Well, New Dilli was pretty similar to the old Dilli. It’s moved a couple of hundred yards – into the building previously occupied by our once favourite Italian, Farina, and before that by Michelin starred Juniper. We actually hadn’t planned on eating Indian and had gone to Altrincham to try a newish Middle Eastern place. That was closed that evening, so we decided to pop round the corner to the favourite Italian – only to find it had shut up shop. So, Indian it was then.
We liked the way they’d done up the room – nicely decorated and furnished – an improvement on the old place which was a bit “high street curry house”, if you know what I mean. It was, however, very quiet – the only other customers were leaving a few minutes after we arrived. As for the food, it’s a straight lift from the old place - didn’t look as though they’ve even had the menus reprinted.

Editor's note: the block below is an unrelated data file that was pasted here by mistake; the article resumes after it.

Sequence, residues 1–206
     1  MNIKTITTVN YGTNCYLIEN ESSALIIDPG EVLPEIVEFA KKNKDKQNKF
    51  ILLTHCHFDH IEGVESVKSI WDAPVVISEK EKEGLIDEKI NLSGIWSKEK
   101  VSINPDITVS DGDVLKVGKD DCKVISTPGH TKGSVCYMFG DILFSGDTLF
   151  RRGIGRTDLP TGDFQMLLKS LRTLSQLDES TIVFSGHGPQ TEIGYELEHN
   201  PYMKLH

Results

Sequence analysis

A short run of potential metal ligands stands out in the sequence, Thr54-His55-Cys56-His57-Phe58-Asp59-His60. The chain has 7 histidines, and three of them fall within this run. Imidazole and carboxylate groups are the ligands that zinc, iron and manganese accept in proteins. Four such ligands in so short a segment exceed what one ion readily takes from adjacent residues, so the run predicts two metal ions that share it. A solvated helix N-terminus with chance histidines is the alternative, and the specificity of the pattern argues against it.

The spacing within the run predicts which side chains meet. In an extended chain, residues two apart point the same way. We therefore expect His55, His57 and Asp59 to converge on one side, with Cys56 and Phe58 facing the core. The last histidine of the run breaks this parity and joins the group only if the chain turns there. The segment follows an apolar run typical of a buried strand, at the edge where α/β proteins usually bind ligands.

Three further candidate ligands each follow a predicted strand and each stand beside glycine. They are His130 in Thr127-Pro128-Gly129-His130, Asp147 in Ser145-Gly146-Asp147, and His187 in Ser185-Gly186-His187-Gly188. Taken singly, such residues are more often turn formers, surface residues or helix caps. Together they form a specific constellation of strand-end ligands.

Google tells me that “achari” means pickle in one of the Indian languages and chunks of chicken breast had been marinated overnight in a pickling spice mix. It gave the meat a very savoury coating which was then baked on in the tandoor. Some good skill in the kitchen here to achieve that charring and still keep the flesh moist. A little salad and quite poky chutney set it off.
The other starter was samosa chaat. Crisp pastry, chickpeas, potato, sour from tamarind, a hefty chilli kick and a balancing softness from yoghurt. Perhaps a little wetter than you might have wanted but otherwise pretty much hitting the mark (and they do give you a spoon).
For main, aloo gobi was a well made version of the Punjabi classic and there’s little more to be said about it. Gosht banjara was a new one for us – tender lamb in a well balanced sauce that, for my taste, could have used some more chilli. Not too much more as it would have masked the masala – I particularly liked the shreds of ginger. Worth mentioning that portions were very generous . Rice was fine; tandoori roti were nice and crisp, just as you hope they would be.